Liquid cooling is really air cooling, it just puts the heat exchange in a different place.
The orientation of the radiator will cause a problem.
If you orient it to take in cool air from the outside, you will cool the cpu better, but the hot air then circulates inside the case heating up the graphics card and motherboard.
If you orient it to exhaust(which I think is better) , then your cpu cooling will be less effective because it uses pre heated case air.
Past that, A AIO radiator complicates creating a positive pressure filtered cooling setup which can keep your parts clean.
And... I have read too many tales of woe when a liquid cooler leaks.
Google for AIO leaks to see what can happen.
While unlikely, leaks do happen.

I would support an AIO cooler primarily in a space restricted case.
If one puts looks over function, that is a personal thing; not for me though.
-----------------------end of rant--------------------------

Your pc will be quieter, more reliable, and will be cooled equally well with a decent air cooler.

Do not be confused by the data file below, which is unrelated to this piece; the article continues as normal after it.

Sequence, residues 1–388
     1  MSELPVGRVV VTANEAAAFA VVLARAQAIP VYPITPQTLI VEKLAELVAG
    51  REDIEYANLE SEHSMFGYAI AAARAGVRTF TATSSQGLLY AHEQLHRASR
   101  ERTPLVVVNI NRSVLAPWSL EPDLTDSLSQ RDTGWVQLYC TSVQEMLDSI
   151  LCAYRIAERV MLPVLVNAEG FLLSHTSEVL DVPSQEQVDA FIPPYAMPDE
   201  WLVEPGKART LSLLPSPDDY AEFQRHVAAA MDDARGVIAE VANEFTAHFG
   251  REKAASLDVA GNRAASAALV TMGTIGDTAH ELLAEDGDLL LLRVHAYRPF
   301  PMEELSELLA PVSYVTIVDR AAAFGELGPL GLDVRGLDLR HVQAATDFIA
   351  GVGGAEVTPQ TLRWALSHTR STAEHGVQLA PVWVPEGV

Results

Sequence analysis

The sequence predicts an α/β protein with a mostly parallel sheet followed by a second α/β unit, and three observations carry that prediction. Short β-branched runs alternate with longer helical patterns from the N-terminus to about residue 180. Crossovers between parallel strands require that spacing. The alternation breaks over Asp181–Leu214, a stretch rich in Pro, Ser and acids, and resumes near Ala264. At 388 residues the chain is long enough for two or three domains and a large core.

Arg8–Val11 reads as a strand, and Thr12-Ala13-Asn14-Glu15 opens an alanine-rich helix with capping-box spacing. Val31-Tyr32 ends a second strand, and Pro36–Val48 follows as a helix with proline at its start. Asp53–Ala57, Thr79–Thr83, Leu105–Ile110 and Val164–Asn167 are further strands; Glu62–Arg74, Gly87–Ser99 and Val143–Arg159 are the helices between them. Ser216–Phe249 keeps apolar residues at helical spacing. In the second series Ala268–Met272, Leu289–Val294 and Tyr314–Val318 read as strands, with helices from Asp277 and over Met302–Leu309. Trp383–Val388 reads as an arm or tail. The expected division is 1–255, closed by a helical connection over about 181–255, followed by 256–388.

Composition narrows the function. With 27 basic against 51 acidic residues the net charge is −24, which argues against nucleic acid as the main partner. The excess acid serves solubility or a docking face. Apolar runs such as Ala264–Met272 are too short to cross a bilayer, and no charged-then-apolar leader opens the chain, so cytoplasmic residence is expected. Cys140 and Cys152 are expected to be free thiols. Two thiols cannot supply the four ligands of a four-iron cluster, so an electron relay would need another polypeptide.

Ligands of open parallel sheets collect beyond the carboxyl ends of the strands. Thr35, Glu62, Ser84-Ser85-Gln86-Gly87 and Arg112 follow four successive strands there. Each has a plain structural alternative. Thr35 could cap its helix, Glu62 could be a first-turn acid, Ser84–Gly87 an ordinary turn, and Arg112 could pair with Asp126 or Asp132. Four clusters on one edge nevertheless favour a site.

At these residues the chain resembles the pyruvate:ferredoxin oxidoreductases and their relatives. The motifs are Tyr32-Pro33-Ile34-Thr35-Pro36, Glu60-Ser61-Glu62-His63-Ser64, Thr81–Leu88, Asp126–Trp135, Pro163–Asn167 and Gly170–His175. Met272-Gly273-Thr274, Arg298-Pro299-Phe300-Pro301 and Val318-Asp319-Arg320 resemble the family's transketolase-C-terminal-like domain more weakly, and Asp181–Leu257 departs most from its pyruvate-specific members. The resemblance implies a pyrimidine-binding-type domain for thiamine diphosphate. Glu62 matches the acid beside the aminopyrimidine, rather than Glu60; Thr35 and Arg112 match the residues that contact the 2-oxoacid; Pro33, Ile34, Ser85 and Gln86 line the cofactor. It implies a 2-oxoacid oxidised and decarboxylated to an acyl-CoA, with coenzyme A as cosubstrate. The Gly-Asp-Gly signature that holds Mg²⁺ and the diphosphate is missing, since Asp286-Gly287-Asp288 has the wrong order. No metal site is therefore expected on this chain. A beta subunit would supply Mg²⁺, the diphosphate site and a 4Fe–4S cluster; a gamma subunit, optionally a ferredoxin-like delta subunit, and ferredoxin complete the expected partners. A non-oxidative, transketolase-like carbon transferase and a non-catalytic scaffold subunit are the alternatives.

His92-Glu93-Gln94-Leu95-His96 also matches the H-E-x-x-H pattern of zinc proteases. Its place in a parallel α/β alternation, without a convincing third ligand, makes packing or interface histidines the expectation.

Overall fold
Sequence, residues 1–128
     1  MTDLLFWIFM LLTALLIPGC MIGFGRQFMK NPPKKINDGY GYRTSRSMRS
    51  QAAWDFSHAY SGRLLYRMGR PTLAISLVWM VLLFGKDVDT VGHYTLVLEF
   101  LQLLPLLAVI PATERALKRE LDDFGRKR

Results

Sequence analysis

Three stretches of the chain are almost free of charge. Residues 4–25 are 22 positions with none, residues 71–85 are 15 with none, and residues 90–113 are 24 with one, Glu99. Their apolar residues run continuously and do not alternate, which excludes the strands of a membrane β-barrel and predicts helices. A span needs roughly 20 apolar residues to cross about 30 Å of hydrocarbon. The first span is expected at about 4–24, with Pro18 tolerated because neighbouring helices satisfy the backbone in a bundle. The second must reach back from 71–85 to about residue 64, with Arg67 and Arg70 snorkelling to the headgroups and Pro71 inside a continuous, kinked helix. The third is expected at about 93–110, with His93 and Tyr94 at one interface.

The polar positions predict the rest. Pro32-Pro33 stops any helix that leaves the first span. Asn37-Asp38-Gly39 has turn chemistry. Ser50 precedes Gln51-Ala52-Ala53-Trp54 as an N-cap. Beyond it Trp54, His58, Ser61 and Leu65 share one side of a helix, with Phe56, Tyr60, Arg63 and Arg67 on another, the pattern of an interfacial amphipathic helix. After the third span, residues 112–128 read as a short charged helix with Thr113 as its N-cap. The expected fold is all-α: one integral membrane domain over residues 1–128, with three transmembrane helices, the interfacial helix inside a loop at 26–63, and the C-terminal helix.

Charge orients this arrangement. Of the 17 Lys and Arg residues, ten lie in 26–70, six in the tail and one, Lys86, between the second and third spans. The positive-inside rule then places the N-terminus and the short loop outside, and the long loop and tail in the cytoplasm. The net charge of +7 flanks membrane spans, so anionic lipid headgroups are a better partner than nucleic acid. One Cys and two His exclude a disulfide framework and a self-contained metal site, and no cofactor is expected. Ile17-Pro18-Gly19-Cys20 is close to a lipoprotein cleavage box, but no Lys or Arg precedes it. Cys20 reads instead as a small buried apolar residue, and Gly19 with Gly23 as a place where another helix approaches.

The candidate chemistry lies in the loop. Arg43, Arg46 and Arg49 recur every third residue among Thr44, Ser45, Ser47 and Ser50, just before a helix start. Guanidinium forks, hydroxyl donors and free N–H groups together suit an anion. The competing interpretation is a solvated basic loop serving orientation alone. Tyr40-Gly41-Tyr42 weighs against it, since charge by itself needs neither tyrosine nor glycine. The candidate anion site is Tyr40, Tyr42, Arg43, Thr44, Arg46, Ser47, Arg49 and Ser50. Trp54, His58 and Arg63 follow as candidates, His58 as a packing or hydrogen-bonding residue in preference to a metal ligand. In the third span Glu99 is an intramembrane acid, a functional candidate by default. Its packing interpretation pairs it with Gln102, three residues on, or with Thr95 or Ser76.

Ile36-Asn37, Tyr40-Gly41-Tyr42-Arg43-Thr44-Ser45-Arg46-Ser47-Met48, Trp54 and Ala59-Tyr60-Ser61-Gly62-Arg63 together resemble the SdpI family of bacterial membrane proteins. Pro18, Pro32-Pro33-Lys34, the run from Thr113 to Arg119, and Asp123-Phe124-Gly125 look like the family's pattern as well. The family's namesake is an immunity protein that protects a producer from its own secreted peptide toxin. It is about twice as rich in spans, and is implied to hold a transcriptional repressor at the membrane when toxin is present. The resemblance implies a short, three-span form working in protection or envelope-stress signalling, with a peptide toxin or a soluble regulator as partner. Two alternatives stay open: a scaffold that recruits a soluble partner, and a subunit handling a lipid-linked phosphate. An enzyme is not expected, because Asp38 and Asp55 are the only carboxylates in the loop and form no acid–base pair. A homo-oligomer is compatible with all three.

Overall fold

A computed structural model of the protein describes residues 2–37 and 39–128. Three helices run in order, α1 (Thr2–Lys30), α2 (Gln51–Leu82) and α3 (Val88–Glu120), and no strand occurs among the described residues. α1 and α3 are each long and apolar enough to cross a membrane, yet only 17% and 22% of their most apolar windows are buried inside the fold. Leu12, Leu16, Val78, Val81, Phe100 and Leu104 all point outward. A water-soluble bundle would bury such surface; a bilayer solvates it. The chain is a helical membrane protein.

Budge414

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Jan 2, 2013
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I'm pretty sure OP already has a 4K monitor, and he's stating that his 4690K can only push his new 1080 Ti to 80% on the GPU usage.

I can agree on the air cooling over AIO liquid cooling at this price point. I assumed that by choosing an AIO liquid cooler it was by preference over air cooling.

Some1helpme - If it matters not to you, an equivalently priced air cooler is better overall at this budget:

CPU Cooler: Noctua - NH-U12S 55.0 CFM CPU Cooler ($57.99 @ Amazon)

CPU Cooler: be quiet! - Dark Rock 3 67.8 CFM Fluid Dynamic Bearing CPU Cooler ($62.88 @ OutletPC)
 

Some1helpme

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Not necessarily on a budget. Rather bite the bullet and have a good system for a while, as was the current i5 I have. I want to upgrade to the lga 1151 to use ddr4 ram. My current system only has 8 gigs, didn't need more at the time, so rather spend more on a good system then on catching up an old system.Dont think I need the unlocked, dont plant to oc. Thinking about doing away with the water cooler, or do a custom look down the line. Also i use a 4k 55' samsung tv. Dont have all the gaming whistles as a monitor but I use it for other stuff. And works great.